ITHACA, N.Y.—A week before the instructional course local drag queen Tilia Cordata planned to teach at the Tompkins County Public Library started, she was told that right-wing Twitter personalities had gotten ahold of the press release for the events and started sharing it around. 

“Initially, it was mostly out-of-state stuff, and then eventually, some local right-wingers got a hold of it,” Cordata said. 

While Cordata said nothing happened at the event — something she credits to the actions the library took to provide increased security and a secure space — she said safety is always a heightened concern of hers when doing events involving children and families. The drag instructional course was held for children ages 11–18.

One of the larger Twitter accounts that took aim at Cordata’s event, Libs of Tik Tok, was briefly suspended (a direct reason is unclear, but the suspension shortly followed after the account published a long thread notifying followers when and where drag events involving children were occurring. 

“Several other events that I have run with children have had public outcry and Facebook posts about it,” Cordata said. “And I’ve done some events outside of Ithaca that have caused some conservative anger. So yeah, that’s always a concern.”

The course, held at the library throughout the month of June as a part of the downtown pride celebrations planned by the Downtown Ithaca Alliance, was not the only LGBT-focused event that garnered backlash. 

Lisa Swayze, the general manager at Buffalo Street Books, said she had heard that right-wing groups had encouraged parents to check out all of the books on the Pride month display at the TCPL, to prevent other people from reading them. 

“I think that our public library is under the impression that they’ve had that experience,” Swayze said. “And so it’s not that it’s unheard of, even in our lovely little progressive bubble here in Ithaca, that the negativity can come.”

Teresa Vadakin, assistant director of the TCPL, did not directly confirm those suspicions, but said in a statement to The Ithaca Voice that attacks on public libraries are nothing new. 

Credit: Casey Martin / The Ithaca Voice

“People who fear free speech, who fear free and open access to information, and who fear people who aren’t like them have always targeted libraries because we are beacons of freedom and tolerance,” the statement said, continuing that TCPL strives for an environment of belonging. “For a very small minority of people, that’s threatening. By providing diverse programs and defending the freedom for community members to attend or not attend, we send a powerful message – that, in this country, everyone has a place at the library.”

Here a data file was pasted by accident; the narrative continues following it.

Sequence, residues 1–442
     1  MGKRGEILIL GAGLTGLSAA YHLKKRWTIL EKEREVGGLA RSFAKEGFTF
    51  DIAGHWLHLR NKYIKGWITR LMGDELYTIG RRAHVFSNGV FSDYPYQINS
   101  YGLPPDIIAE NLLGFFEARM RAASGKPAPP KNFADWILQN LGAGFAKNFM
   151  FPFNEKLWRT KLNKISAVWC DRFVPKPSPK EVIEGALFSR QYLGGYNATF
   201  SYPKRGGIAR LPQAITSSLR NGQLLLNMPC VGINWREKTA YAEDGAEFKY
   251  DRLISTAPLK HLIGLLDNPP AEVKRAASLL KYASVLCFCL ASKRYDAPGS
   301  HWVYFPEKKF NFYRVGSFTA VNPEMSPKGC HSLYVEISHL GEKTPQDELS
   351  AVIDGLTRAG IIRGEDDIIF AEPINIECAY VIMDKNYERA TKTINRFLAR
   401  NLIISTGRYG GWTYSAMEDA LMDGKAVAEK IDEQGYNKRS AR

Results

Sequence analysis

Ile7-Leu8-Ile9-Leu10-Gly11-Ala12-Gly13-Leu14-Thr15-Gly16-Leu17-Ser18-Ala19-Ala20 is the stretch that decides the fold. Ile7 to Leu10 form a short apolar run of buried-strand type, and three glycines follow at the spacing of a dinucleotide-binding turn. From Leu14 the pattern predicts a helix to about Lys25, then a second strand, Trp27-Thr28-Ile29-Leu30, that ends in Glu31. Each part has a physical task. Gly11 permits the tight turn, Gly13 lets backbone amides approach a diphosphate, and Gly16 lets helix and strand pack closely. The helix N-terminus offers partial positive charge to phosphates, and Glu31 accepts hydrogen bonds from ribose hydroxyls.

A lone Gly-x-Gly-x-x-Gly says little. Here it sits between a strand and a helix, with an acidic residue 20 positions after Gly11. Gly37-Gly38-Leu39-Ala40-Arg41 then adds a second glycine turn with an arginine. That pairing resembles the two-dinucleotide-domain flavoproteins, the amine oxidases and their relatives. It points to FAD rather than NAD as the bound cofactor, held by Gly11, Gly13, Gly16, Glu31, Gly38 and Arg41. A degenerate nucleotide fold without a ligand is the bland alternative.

There has been a surge in anti-LGBTQ rhetoric in the last few years, with lawmakers targeting transgender athletes in girl’s’ and women’s sports, attacks on LGBTQ Pride events and laws banning discussions of gender and sexuality in schools.

Recently, drag queen story hours (DQSHs) have come under fire from protesters and far-right groups. Members of the Proud Boys disrupted a story hour in California and DQSHs in North Carolina, Colorado, New Jersey and Texas, among others, have also been disrupted by protesters.  

The events, usually held at bookstores and libraries, are a part of a larger organization, Drag Queen Story Hour that originated in San Francisco in 2015. DQSH has now grown into a global network of local organizations, with chapters in five continents and across 29 states, including one in Ithaca. 

Swayze said that the store has been an official chapter of DQSH since 2018, usually attracting at least 20 families for each drag story hour. The event used to occur monthly, but has been held more intermittently during the pandemic, including occasionally virtually and outdoors. 

Swayze said the drag story hour has not had any issues with protesters or backlash, pointing out the set of core values that are posted in the store.

“We spell it out very, very clearly that we will not tolerate racist, homophobic, transphobic, sexist, any nasty behaviors toward anyone in our store,” Swayze said. “I would say that we almost never have to see that in any overt or horrifying way. So I don’t know if we’re already self-selecting by being in Ithaca, and by being so forward with our values. But in any case, they exist and they’re posted so that if it ever comes up, we’re ready to just say, ‘you have to leave.’”

Cordata has been involved with drag story hour since 2018 and co-leads the event with Coraline Chardonnay. Cordata said that while she’s faced backlash with other drag events she has held in Ithaca, including the drag course at TCPL, she has never experienced any issues with drag story hour. 

Cordata said her overall experience with drag story hour has been positive and uplifting, especially the amount of representation that is shown in children’s books — something she said didn’t exist when she was younger. 

“By powerful, I mean we have a book that features two women falling in love, like a fairy tale, [and] we’ve had a girl go, ‘that story is really important to me, because I have two mommies and I don’t ever see that in my book,’” Cordata said. “Seeing the kids also respond to that amount of representation is really powerful and important and meaningful to me.”